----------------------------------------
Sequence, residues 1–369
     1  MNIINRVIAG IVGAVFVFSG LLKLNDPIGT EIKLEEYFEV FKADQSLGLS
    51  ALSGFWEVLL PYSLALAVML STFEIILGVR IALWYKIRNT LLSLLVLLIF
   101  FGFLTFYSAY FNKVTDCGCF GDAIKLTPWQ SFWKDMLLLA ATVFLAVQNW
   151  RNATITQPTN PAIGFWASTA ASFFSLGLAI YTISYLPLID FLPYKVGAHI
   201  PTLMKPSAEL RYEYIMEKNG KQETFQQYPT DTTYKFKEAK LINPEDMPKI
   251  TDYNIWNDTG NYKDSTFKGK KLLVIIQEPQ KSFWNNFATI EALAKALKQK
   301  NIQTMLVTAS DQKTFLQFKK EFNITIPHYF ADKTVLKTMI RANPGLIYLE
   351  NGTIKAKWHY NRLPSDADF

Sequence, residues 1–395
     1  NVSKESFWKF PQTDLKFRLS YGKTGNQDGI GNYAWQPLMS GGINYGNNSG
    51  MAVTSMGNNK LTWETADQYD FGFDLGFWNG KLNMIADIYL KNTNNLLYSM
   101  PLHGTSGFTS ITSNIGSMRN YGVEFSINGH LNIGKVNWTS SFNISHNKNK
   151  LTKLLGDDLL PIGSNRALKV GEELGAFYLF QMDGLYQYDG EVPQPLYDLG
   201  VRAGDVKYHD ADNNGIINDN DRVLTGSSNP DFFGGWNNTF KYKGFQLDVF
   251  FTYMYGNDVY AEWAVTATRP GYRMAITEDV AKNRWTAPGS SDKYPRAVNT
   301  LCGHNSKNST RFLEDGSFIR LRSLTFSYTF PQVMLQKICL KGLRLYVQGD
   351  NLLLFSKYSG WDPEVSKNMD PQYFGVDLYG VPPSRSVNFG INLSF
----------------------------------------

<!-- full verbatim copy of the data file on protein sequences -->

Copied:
Sequence, residues 1–369
     1  MNIINRVIAG IVGAVFVFSG LLKLNDPIGT EIKLEEYFEV FKADQSLGLS
    51  ALSGFWEVLL PYSLALAVML STFEIILGVR IALWYKIRNT LLSLLVLLIF
   101  FGFLTFYSAY FNKVTDCGCF GDAIKLTPWQ SFWKDMLLLA ATVFLAVQNW
   151  RNATITQPTN PAIGFWASTA ASFFSLGLAI YTISYLPLID FLPYKVGAHI
   201  PTLMKPSAEL RYEYIMEKNG KQETFQQYPT DTTYKFKEAK LINPEDMPKI
   251  TDYNIWNDTG NYKDSTFKGK KLLVIIQEPQ KSFWNNFATI EALAKALKQK
   301  NIQTMLVTAS DQKTFLQFKK EFNITIPHYF ADKTVLKTMI RANPGLIYLE
   351  NGTIKAKWHY NRLPSDADF

Sequence, residues 1–395
     1  NVSKESFWKF PQTDLKFRLS YGKTGNQDGI GNYAWQPLMS GGINYGNNSG
    51  MAVTSMGNNK LTWETADQYD FGFDLGFWNG KLNMIADIYL KNTNNLLYSM
   101  PLHGTSGFTS ITSNIGSMRN YGVEFSINGH LNIGKVNWTS SFNISHNKNK
   151  LTKLLGDDLL PIGSNRALKV GEELGAFYLF QMDGLYQYDG EVPQPLYDLG
   201  VRAGDVKYHD ADNNGIINDN DRVLTGSSNP DFFGGWNNTF KYKGFQLDVF
   251  FTYMYGNDVY AEWAVTATRP GYRMAITEDV AKNRWTAPGS SDKYPRAVNT
   301  LCGHNSKNST RFLEDGSFIR LRSLTFSYTF PQVMLQKICL KGLRLYVQGD
   351  NLLLFSKYSG WDPEVSKNMD PQYFGVDLYG VPPSRSVNFG INLSF